Archive for the 'PowerGUI' Category

Download Links for PowerGUI and QAD cmdlets

powergui logoWith Dell’s acquisition of Quest and all the IT reorganization that followed, it is actually not that easy to find these two popular free PowerShell tools any longer. So here are the links that work today (January 30, 2015):

PowerGUI

The download is freely available from Dell’s PowerGUI community.

The community itself also got moved from http://powergui.org to http://en.community.dell.com/techcenter/powergui.

Dell Software is still maintaining the product – as I am writing this the latest version is 3.8 released in April 2014.

UPDATE: Looks like Dell took the community site down but direct download link http://community-downloads.quest.com/powergui/Release/3.8/PowerGUI.3.8.0.129.msi still works.

Quest / QAD cmdlets

This one is a little more tricky to find: https://software.dell.com/register/71110

If this link for some reason changes, all Dell’s freeware and trial links can be found in this catalog: http://software.dell.com/trials/

UPDATE: Looks like this got hidden even further. Not sure where it can be found now. This site seems to have copied and made them available for download though: http://www.powershelladmin.com/wiki/Quest_ActiveRoles_Management_Shell_Download

Happy PowerShelling!

Watch this PowerShell blog – Adam Driscoll

 In case you have not noticed, most of our PowerShell blogging activity moved from this blog to Adam’s. 🙂

If you are not yet following Adam – you should bookmark his blog and subscribe to his RSS feed right away. He is now Quest’s key PowerShell expert!

Here are just a few posts he did last month:

There are just tons of great content in Adam’s PowerShell blog, and he is the author of PowerShell add-on for Visual Studio, and PowerShell / PowerGUI task bar QuickConsole – so definitely keep an eye on his updates!

PowerGUI 3.1 Released!

What a better way to get closer to the weekend than getting a new version of PowerGUI? 🙂 And here it is now available for download at PowerGUI.org.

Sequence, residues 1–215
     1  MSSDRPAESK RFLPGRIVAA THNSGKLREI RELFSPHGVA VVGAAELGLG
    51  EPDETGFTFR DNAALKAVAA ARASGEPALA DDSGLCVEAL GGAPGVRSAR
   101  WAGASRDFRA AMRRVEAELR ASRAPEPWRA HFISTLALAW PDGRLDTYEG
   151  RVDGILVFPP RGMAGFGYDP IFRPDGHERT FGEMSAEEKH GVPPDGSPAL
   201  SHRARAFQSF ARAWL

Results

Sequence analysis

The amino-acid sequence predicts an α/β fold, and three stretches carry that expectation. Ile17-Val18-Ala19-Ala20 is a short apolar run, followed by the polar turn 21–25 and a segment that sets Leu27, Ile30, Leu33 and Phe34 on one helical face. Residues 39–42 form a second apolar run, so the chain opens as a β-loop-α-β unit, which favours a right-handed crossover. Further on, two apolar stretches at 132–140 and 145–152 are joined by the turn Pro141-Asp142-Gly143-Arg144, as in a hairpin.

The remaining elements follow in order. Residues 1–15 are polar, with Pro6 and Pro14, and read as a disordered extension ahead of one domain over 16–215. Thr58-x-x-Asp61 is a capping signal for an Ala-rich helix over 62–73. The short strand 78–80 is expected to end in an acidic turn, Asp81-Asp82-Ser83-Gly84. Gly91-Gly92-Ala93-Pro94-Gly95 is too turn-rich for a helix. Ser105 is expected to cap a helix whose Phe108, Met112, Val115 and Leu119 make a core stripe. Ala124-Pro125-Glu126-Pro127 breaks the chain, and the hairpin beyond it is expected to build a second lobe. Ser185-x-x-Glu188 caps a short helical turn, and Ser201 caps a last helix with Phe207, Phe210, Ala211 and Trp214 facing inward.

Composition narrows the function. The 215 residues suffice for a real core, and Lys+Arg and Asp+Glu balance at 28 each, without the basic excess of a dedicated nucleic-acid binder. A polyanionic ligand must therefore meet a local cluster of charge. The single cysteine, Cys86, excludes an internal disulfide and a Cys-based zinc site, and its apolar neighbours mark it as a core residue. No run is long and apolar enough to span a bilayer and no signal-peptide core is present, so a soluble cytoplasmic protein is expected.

New in PowerGUI free – PowerGUI on a USB key!

Now you don’t have to install PowerGUI on a computer on which you want to use it. Instead, PowerGUI can create a USB drive with a portable version of the product!

To use the feature:

  1. Insert the flash drive with ~ 80 MB of free space into a USB port,
  2. In PowerGUI Script Editor, run the following command in the PowerShell Console panel:

& "$PGHome\InstallPortable.ps1"

Fixes and Improvements

A lot of them. To name just a few of my favorites:

  • You can now close the Welcome tab if you don’t need it,
  • Script Editor starts faster,
  • Large scripts are much faster to debug,
  • File / Search Online dialog box can now find a PowerShell script by the name of the script author!

New in PowerGUI Pro

And we have even more goodies for our Pro users! You guys have already had ability to compile PowerShell scripts to exe files, now with 3.1 you can also compile them into real Windows Services!

Download new PowerGUI at PowerGUI.org and let us know what you think!

PowerGUI and AD cmdlets usergroup at Deep Dive?

If you are planning to attend European TEC 2011 PowerShell Deep Dive in Frankfurt October 17-18 2011, I have a question for you: would you like to stay half a day longer and have a usergroup for PowerGUI and QAD cmdlets in the morning of Oct 19th -or in the afternoon of Sunday, Oct 16th?